In some ways, the situation the Blue Jays find themselves in exiting this decade is the same as when they entered it.
On Dec. 16, 2009, Alex Anthopolous pulled the trigger on a deal that would send Roy Halladay to the Philadelphia Phillies for a collection of prospects.
It was a really unfortunate situation for Anthopolous to inherit. He took over from J.P. Riccardi in October and his first matter of business was finding a new home on a contending team for a franchise legend. Halladay had just one year left on his contract, was getting into his mid-30s, and had never seen the playoffs before in his career. Justifiably so, Halladay wanted to be moved to a contender as the Blue Jays were nowhere close to contending.
With Doc gone, the Blue Jays became faceless.
Though the team had missed the playoffs in every single season since winning back-to-back World Series Championships in 1992 and 1993, there was always star power associated with the Blue Jays. There was Carlos Delgado, there was Roger Clemens, then there was Halladay. Sure, there were well-known names like Vernon Wells and Scott Rolen and young faces like Ricky Romero and Adam Lind, but these guys weren’t franchise icons.
The Jays were entering the 2010s floating around in purgatory, a roster filled with random names, ugly jerseys, and a massive playoff drought with an end nowhere in sight. This was a team so badly in need of a superstar.
In 2010, completely out of the blue, they found that guy. And with him, the Jays found their heart and soul and identity for the decade.
Jose Bautista, a journeyman who had been the team’s fourth outfielder for the past year-and-a-half, showed up and mashed 54 home runs in 2010. Not only did he hit 54 homers, making him the first-ever Blue Jay to join the 50-homer plateau, but he also did so with a swagger that the team hadn’t seen in ages.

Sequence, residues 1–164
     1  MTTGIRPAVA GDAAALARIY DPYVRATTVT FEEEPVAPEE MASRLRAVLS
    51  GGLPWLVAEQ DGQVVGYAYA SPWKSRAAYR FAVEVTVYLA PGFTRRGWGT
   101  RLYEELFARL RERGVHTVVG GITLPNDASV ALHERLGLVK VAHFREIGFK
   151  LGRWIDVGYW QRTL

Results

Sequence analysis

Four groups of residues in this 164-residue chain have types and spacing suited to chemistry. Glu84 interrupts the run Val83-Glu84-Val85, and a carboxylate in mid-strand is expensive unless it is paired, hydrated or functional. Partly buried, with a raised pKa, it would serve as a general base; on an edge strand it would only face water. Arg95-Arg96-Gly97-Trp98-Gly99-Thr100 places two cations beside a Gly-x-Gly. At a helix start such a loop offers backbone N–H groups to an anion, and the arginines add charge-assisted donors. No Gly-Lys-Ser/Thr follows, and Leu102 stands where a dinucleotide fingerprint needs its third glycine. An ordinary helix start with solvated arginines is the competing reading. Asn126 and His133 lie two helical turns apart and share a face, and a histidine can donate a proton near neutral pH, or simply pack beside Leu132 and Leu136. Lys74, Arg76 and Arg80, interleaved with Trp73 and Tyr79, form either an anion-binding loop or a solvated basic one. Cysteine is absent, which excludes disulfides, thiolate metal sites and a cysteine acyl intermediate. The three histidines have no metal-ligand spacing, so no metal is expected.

While the Jays waved goodbye to Roy Halladay’s insane work ethic that allowed the franchise not to be a complete joke over the past few years, they welcomed in Bautista’s new badass energy. The guy would just club homers with a distinct crack of the bat, watch the ball soar into space for a brief second, and then trot around the bases time and time again with this zoned-in facial expression that made him look like he was just jogging on the treadmill at the YMCA. It was like he did not have a single fuck to give because it was so easy.
The early 2010s were supposed to be all about rebuilding. Halladay would get dealt and others surely would after him too as the franchise, loaded with Anthopolous’ new-and-improved scouting staff, built from the ground-up. But, out of the blue, the Jays had a star now. And with him, there was a window of opportunity.
Though this breakout was completely unexpected and there was considerable risk to signing a one-year wonder long-term (and people were all hot and bothered that the Jays were either cheating with some man in white in the stands stealing signs or giving Bautista steroids) Anthopolous leaned into and gave Bautista a five-year contract ahead of the 2011 season.
Bautista proved Anthopolous right in 2011, putting up an even better season than he did in 2010. He didn’t smack 54 homers, but his 1.056 OPS led Major League Baseball. Unfortunately, all the team could do was put together an 81-81 record. The following year, Bautista missed roughly half the season due to injury and the Jays posted a paltry 73-89 record.